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Welcome to Haymanopolis
an exhibition of work by the late Keith Hayman
WORKSTATION, Sheffield
7-16 October 2014

Often humorous, noisy and colourful, sometimes poignant, poetic and probing, the art that makes up the world of Haymanopolis is never short of something to say. This first major retrospective exhibition of the late Keith Hayman draws together seen and unseen drawing, painting and collage/bricolage and recreations of installations, pulling together familiar motifs and themes such as Modernity and Utopia, man and the city, and commodification and consumption.

Among the exhibits will be a recreation of an installation the artist was working on at the time of his death in collaboration with London artist Adam Forman to mark the thirtieth anniversary of the battle or Orgreave.
Workstation in Sheffield is a fitting venue. As a member of the city’s economic regeneration team back in the 1980s, he was a key figure in the creation of the Cultural Industries Quarter. On retirement in the mid 90s, he took up a studio and launched another life for himself as a serious artist. He was instrumental in organising Open Up Sheffield, worked sporadically as an arts consultant, and sat on various arts forums. He was largely self-taught as an artist, something he felt was important for him.

“I continue to do the things I did as a child” he said when asked about his art, paraphrasing the words of the American sculptor Carl Andre, whose famously placed bricks (just a pile on the floor) had caused such a stir at the Tate in the early 1980s. Something of a latent anarchist himself, Keith’s attitude towards things creative was similarly provocative:
“I am by nature an optimist, although much of what I do seems to express pessimism and frustration … There is an anarchy present [in the art I make] and as I get older I find it increasingly difficult to take the world too seriously”.

Since the late 1990s Keith had exhibited continuously across the region and wider afield. He had solo exhibitions at Derby City Art Gallery and x-church Gainsborough, and was represented at art fairs in London and Manchester. But it is perhaps for his open studios and more random art ‘happenings’ in and around Sheffield that he will be best known.

Keith Hayman died last year at the age of 69 while riding with his Sheffield cycling club, Sharrow CC. This exhibition has been selected by Marcus and Hilary Hammond of BendInTheRiver, and by Janet, Matt and Louisa Hayman. The show will be open daily Mon to Fri 8am – 6pm, Saturday 1pm – 5pm and Sunday 1pm – 3pm and admission is free.

Contact details for further information: Matt Hayman, 07715113782, mattyhayman@hotmail.co.uk

Keith Hayman Obituary

 

Art Sheffield Festival 2013

“Place-No-Place” Stephen Carley and Keith Hayman

“Tomorrow Keeps Coming” / Keith Hayman / Overview / July 2013

At the end of the 19th century, Baudelaire described modernity, as, “the transient, the fleeting; it is the one half of art, the other being the eternal and immutable.”

And Marx, famously talked about – “All that is solid melting into air”.

In Settlement  –(Once These Were), I looked at permanence, transition and change via a range of indoor exhibits, including fragments of a barn that over several years had almost imperceptibly  melted into the earth. And outdoors, I planted signs at different locations round Sheffield, marking an industrial past – “Once this was a Wagon Works, now it’s a clearing in the forest”.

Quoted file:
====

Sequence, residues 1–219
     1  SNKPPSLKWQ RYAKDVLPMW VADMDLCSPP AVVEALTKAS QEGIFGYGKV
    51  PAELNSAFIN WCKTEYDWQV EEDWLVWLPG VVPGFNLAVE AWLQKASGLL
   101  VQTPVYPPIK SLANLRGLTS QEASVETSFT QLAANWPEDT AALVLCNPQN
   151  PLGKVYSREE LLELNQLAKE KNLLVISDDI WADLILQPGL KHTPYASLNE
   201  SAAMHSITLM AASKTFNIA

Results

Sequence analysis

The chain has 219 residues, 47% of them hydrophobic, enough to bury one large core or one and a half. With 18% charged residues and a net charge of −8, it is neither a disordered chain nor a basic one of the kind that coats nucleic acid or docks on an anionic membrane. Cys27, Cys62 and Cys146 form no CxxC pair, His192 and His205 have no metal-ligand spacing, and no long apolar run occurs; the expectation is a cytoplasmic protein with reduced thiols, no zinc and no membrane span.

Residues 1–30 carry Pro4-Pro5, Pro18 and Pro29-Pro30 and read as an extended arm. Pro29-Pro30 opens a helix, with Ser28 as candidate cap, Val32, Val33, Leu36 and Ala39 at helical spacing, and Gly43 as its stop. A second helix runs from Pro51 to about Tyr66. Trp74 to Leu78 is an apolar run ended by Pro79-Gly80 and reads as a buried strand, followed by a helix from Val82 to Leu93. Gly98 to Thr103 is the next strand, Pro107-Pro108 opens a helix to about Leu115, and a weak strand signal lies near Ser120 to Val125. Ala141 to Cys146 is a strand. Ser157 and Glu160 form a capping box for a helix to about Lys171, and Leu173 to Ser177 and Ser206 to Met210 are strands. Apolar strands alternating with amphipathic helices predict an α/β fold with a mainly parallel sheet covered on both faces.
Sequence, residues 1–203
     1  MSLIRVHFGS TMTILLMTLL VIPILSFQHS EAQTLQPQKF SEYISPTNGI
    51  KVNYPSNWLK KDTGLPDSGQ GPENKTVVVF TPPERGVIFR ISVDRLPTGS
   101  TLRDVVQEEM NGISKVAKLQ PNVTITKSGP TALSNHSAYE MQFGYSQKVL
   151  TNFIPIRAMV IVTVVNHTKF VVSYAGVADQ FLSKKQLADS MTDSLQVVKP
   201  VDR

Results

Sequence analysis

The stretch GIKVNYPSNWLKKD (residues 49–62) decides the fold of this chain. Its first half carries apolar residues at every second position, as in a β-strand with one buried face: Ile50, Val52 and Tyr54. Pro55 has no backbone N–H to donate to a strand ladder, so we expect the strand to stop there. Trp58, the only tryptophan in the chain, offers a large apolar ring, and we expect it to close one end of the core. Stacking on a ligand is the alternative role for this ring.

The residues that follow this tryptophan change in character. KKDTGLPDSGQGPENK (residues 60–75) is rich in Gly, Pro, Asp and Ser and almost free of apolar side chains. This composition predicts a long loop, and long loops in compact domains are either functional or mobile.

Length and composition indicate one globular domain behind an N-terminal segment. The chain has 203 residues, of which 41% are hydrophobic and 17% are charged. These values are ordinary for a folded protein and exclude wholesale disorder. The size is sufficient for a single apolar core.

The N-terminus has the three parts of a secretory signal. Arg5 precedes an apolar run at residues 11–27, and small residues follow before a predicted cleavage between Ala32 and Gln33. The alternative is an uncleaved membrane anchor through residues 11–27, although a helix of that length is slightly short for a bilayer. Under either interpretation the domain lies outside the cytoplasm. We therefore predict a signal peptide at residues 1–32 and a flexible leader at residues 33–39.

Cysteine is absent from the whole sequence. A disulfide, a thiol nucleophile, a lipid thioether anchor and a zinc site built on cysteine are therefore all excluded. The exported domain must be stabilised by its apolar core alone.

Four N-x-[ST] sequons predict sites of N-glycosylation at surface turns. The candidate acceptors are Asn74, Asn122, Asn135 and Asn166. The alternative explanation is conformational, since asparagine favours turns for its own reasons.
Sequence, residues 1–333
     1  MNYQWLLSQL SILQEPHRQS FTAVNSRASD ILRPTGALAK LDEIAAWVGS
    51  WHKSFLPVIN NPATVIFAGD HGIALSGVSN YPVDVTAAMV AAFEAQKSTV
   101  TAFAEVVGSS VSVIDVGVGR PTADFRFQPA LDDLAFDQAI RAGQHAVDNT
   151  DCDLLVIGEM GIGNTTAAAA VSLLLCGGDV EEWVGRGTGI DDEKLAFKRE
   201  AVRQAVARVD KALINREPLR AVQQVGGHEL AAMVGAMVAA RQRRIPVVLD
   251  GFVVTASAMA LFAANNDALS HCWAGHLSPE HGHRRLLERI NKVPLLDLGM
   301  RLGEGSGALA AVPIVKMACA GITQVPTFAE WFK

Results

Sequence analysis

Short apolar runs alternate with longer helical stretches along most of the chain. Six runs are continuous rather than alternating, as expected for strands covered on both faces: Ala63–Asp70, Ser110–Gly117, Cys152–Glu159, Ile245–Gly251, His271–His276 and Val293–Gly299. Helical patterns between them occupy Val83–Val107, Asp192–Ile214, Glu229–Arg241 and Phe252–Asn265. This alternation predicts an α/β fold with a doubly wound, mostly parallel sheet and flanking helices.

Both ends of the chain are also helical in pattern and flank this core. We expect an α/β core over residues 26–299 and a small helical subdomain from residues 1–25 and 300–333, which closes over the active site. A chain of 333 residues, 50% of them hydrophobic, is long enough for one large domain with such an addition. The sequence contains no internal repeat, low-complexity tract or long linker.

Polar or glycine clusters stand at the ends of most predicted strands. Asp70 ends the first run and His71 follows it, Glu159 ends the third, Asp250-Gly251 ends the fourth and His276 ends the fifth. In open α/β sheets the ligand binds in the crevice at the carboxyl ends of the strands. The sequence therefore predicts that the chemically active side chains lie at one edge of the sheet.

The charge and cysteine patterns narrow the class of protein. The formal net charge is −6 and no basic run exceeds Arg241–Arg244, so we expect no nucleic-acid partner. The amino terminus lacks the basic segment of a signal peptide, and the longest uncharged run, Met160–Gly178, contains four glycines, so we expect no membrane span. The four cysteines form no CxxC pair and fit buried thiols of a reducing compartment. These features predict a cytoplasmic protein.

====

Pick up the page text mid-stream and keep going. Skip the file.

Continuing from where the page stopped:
And in 2011 I explored acceptance of and resistance to change, in “The New Babylon Letters”, between myself and my alter ego, posted on railings in the centre of Sheffield.

Tomorrow Keeps Coming”, planned for October 26th to Friday November 1st 2013, as my contribution to “Place-No-Place”, explores change, via a series of exhibits, listed below. It will question the nature of change and the societal operating system that shapes and controls our lives. And outdoors, “Return to Orgreave”, will look at the different layers of an industrial landscape.

 

Tomorrow Keeps Coming – provisional running list

Family Life – A mountain of shredded paper, marking a year of family administration

Assembly – Steel and canvas chairs from an ex-school, as witness to Tomorrow Keeps Coming

Domestic Science- tiles from a domestic science room, marking a time when things seemed more secure.

Once These Were – Signs and recorded images from outside sites placed round Sheffield during April 2013.

Yesterday – A mountain of domestic, national and world news.

Street Kill – A display case of collected, crushed Coca Cola cans, making something out of nothing

Fragment of a Revolution – A crushed pit head wheel, set on a gallery plinth, making ‘art’ out of struggle.

Block Work – Breeze blocks, made out of crushed materials from the Sheffield General Post Office.

Umbrella – A broken, found umbrella, marking the exhibition site as an ex-centre of UK umbrella production.

Drill – A  wooden, 20th century seed drill with a timeless utility.

Art review- A parade of Art review magazines, with an endless list of artists who were famous for 15 minutes.

Le Corbusiers Hut – The remains of the famous architects, summer home on the Riviera. An uncertain homage to a controversial public figure.

Wanderers – A series of paintings and drawings of figures in undefined landscapes – travelers, wanderers, nomads.

Outdoors

Return to Orgreave – Signs and markers in an ex-industrial landscape.

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